• The reason we need a resistor is because they are necessary to control the power consumption from the Raspberry Pi. The Raspberry Pi itself can only provide about 60mA but the LEDs will want to pull more. You'll need at least a 330Ω resistor. When setting this all up, I found the this post on PiHut super helpful with explaining why you need this and how it works.
  • As I stated in the intro, if you don't have a 3D printer there are a lot of alternatives to the cool lamp cover I printed. I recommend some googling and even other DIY ideas for fun.
  • If you notice the Raspberry Pi I'm using already has GPIO pins soldered on board. Usually if you buy a Raspberry Pi Zero W, it doesn't have these. You can solder them yourself very easily, or you could get a kit that has this all connected. You could also get a different Raspberry Pi that has the GPIO pins already onboard. If you want to go the soldering route, check out this kit on Amazon that has an iron and the necessary equipment.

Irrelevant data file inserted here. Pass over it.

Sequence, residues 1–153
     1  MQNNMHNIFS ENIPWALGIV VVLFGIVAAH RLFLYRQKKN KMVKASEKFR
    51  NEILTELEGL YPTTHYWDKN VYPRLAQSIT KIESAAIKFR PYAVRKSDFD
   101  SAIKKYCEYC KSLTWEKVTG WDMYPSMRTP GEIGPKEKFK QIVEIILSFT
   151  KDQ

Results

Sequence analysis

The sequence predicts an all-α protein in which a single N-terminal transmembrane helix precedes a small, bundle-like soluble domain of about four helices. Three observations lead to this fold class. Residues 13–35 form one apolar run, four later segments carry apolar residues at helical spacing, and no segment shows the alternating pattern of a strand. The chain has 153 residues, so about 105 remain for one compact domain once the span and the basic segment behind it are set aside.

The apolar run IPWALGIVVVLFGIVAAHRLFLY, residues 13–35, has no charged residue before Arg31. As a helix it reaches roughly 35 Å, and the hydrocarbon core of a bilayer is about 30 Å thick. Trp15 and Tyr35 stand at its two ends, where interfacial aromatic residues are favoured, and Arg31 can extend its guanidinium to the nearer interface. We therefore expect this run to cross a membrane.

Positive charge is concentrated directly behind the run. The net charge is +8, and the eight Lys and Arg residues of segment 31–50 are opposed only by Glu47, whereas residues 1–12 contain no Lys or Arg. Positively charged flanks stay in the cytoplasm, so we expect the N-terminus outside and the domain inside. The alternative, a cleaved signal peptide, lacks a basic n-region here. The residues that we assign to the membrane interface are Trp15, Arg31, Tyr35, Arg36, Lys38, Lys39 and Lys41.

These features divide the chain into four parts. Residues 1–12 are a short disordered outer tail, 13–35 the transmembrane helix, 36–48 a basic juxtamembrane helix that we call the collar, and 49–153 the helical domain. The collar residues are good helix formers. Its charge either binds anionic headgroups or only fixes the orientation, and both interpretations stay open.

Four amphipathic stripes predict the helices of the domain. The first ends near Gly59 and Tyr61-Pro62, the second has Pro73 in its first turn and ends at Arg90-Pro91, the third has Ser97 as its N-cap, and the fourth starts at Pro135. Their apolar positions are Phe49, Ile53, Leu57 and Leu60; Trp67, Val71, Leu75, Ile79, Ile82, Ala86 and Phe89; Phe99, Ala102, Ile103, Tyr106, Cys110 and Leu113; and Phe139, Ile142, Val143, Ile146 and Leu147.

Setting up your Raspberry Pi

Setting up for your Raspberry Pi project only takes a few steps. If this is your first Raspberry Pi project, you should first check out the Raspberry Pi website because they have some great docs on getting to know your device.

For this project I'm using what is called a "headless" setup where the Raspberry Pi doesn't have a desktop environment, and is controlled via SSH and the terminal. To do this, do the following:

  1. Format the SD card of your Pi with the official Raspberry Pi Imager. Once you install the imager just choose the 32 bit Raspberry Pi Lite version that you see here:

Raspberry Pi OS Imager

  1. Next, once your SD card is formatted, remove and reinsert the SD card into your computer and open the "boot" folder that opens up. This should automatically happen, but if not then just go into your Finder or File Explorer (windows) and navigate into the attached SD card and "boot" folder.

  2. In the boot folder add a WPA_SUPPLICANT.conf folder that follows the official Raspberry Pi instructions.